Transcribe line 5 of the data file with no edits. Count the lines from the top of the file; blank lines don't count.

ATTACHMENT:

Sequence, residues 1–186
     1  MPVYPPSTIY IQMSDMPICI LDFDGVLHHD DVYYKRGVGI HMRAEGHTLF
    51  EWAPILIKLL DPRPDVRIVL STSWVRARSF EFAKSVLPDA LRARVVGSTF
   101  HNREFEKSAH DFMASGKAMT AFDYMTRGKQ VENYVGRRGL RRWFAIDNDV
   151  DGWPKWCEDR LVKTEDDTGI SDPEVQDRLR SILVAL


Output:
   151  DGWPKWCEDR LVKTEDDTGI SDPEVQDRLR SILVAL